It happened today - May 18, 2015
On May 18, back in 1783, the first United Empire Loyalists arrived in what is now New Brunswick, mostly evacuated from New York by the British at the end of the American Revolutionary War.
Their arrival here had consequences far beyond the hiving off of New Brunswick from Nova Scotia. They shifted the demographic balance of the former New France decisively in the direction of English language and political thoughts and habits.
What it did not do, speaking of political thoughts and habits, was bring north those more civilized persons who favoured paternalistic big government over liberty. This story is often told as though, if true, it would be an important triumph of dignified Canadian statism over vulgar American freedom. But it’s not.
The American Revolution was an Anglosphere quarrel about how to preserve individual liberty, not whether. As Daniel Hannan observes in his brilliant book Inventing Freedom: How the English-Speaking Peoples Made the Modern World, Daniel Bliss, a refugee from Massachusetts who later became chief justice of New Brunswick, explained his Loyalism by saying “Better to live under one tyrant a thousand miles away than a thousand tyrants one mile away.”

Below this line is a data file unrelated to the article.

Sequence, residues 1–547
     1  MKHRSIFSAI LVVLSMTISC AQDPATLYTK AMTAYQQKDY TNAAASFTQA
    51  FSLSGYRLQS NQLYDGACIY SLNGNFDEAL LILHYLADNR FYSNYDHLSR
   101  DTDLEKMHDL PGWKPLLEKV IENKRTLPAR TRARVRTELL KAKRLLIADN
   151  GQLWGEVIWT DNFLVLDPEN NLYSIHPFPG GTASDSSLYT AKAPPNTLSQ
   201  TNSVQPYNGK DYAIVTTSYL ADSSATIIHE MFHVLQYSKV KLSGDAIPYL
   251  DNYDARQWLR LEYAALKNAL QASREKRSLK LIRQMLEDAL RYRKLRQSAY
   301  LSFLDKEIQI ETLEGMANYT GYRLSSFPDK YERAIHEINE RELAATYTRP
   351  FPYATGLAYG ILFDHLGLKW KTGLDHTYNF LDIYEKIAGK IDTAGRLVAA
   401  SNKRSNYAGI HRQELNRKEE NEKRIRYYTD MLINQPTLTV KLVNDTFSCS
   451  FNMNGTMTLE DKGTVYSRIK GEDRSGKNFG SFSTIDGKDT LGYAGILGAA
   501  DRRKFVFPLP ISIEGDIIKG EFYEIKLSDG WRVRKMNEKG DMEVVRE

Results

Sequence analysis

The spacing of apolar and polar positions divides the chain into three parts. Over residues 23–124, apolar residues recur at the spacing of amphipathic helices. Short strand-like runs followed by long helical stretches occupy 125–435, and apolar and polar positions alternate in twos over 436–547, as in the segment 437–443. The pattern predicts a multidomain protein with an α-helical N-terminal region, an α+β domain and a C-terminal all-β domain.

It was fear that American democracy would become mob rule under which liberty was no longer safe, not a “Red Tory” desire to see liberty give way to the popular will, that led genuine Tories to reject the Revolution. They were largely wrong in their fear, but entirely right in their devotion to that liberty on which, it bears repeating, the True North Strong and Free was built.